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Frank Gore: Shifty and Smart

Posted Jan 17, 2013



Not only is he one of the toughest running backs around, he’s also one of the smartest.

Frank Gore has carved out a solid eight-year career since the 49ers selected him in the third round of the 2005 Draft and he shows no signs of slowing down. He’s posted back-to-back, 1,200-yard seasons in the first two years of the Jim Harbaugh era, winning over his head coach with his trademark style of play.

Shifty, strong and smart, Gore has also taught Harbaugh a thing or two.

“I know I’ve learned a lot from Frank as well as the other running backs on our team,” Harbaugh said. “He sees it, he sees the big picture, he sees the whole picture. He sees it slowed down and he’s got a very quick mind. He’s able to make quick-minded decisions.”

Week in and week out, Gore amazes his teammates with his ability to detect creases in the offensive line and explode through them at the perfect time. Making something out of nothing has been a staple of Gore’s career, which stacks up favorably against that of almost any running back in today’s game.

Right now, he’s known as the 49ers rushing king. But could he become Coach Gore a few years down the road?

49ers offensive coordinator Greg Roman, who could very well be an NFL head coach in the future, said he has talked about Gore’s passion for the game and how it could translate to coaching.

“I always tell Frank, ‘Man, when you’re done playing, come find me or I’ll find you,’” Roman said. “Because he is a guy that I love working with as a player and I’m sure I would love working with as a coach.”

Gore is just 29 years old and still in the prime of his career, but smiled when asked about the potential of coaching after his playing days are over.

“If Coach Roman ever gets a head job and wants to hire me, I’ll be ready,” Gore said. “I think I’d be a great coach. For one, I love the game of football. I’ve been around the game all my life, since I was four. I can tell who are real football players. I got the eye for talent. That’s why I think that.”

First things first, the 49ers have to deal with the Falcons defense that figures to be fired up for the first-ever NFC Championship game in Atlanta.

When looking at film of the Falcons, what stands out to Roman is the athleticism of the defensive line. While Roman noted the quickness and talent of the defensive front, Atlanta hasn’t seen anything like the 49ers attack.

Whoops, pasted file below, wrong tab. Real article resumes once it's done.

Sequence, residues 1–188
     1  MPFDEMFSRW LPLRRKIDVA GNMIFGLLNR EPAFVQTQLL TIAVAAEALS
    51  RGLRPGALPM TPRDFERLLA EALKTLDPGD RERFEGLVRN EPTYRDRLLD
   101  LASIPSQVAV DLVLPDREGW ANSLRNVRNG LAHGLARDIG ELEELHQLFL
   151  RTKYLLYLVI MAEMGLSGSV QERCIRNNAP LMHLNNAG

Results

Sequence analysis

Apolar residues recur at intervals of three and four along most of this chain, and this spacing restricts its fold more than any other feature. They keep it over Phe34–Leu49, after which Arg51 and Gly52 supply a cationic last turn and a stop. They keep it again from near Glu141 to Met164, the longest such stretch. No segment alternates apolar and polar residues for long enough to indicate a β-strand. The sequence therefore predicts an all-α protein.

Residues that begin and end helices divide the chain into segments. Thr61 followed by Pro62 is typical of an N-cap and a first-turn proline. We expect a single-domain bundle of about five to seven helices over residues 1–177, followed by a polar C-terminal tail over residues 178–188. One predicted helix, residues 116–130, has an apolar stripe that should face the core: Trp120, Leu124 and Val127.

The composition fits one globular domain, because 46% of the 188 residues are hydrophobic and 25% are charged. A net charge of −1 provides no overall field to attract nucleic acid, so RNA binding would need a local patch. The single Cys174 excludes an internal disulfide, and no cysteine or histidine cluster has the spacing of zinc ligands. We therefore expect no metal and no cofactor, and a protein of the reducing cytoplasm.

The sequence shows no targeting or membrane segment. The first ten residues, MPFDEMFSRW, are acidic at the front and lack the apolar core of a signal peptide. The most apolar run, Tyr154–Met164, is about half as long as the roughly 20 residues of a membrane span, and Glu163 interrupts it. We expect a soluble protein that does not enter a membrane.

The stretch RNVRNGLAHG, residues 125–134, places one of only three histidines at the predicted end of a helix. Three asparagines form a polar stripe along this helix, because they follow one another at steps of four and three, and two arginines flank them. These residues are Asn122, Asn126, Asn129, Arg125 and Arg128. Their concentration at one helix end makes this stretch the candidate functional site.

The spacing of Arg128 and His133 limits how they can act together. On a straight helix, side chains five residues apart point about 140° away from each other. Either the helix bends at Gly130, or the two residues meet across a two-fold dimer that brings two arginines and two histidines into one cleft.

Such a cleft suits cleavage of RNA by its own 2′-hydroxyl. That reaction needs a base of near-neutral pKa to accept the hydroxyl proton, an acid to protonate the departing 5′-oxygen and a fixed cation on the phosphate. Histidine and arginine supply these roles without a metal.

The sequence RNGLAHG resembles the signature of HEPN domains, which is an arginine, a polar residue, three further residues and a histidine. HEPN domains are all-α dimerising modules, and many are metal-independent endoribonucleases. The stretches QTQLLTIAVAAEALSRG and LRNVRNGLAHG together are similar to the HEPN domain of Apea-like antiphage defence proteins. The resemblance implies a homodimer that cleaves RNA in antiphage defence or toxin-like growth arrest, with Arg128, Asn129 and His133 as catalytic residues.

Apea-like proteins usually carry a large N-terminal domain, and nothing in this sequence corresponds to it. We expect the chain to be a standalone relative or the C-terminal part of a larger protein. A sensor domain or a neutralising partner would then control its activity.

A case could be made that Gore isn’t even the most dangerous runner in the San Francisco backfield these days, a title that could belong to dual-threat quarterback Colin Kaepernick.

“He’s big, he’s strong, he’s fast and they are going to have to look out for him,” Gore said. “So hopefully they keep looking out for him and 21 will keep getting the ball and I just do what he did last week.”

Last week, Kaepernick did something no other quarterback had ever done in NFL history: rush for 181 yards in a single game. With the addition of the zone-read option scheme into the offensive gameplan, the 49ers have been hard to stop. Even though Gore’s 119 yards weren’t the tops on the team, he was happy to see Kaepernick run wild.

“Hey, last week wasn’t the first time,” Gore said. “He did it a couple other times this year. So like I say, as long as we get the win I don’t care who has the most yards and whatever, catching, running. I just want the ‘W.’”

Gore admitted it was a big adjustment when Roman ramped up the zone-read plays with Kaepernick under center. But given his experience and football IQ, Gore has grown with the change in offense, even if he doesn’t know whether or not he’s getting the ball from snap to snap.

“I thought he had some just incredible runs in our last game on those types of plays,” Roman said. “It’s of no surprise to us here.”

The 323 rushing yards last week set a new franchise record in the postseason. As talented as the ball carriers are, they wouldn’t have any space if it weren’t for lead blockers like fullback Bruce Miller, who has constantly opened holes with impact blocks at the point of attack.

“It’s awesome just to be able to be a part of what we’re doing and play with guys that I’m having a chance to play with,” Miller said. “It’s really exciting, especially with what we’re being able to accomplish as a team.”

Aside from his football preparation, Miller has also been a busy man on the phones this week trying to coordinate ticket requests from friends and family. The Woodstock, Ga., native grew up about 40 minutes away from the Georgia Dome and frequently attended Falcons games with his family, but Sunday will mark his first time actually stepping on the turf for a game.

Miller is one of the lucky members of the 2011 49ers draft class who has reached the NFC Championship in consecutive years to start his career. After talking with his veteran teammates, Miller realizes the full magnitude of the upcoming contest.

“Some guys go 12, 15, 16 years in the league and never played in one of them,” Miller said of the NFC title game. “We’ve got two back-to-back and we’re fortunate for these opportunities and we’ve got to make them count.”

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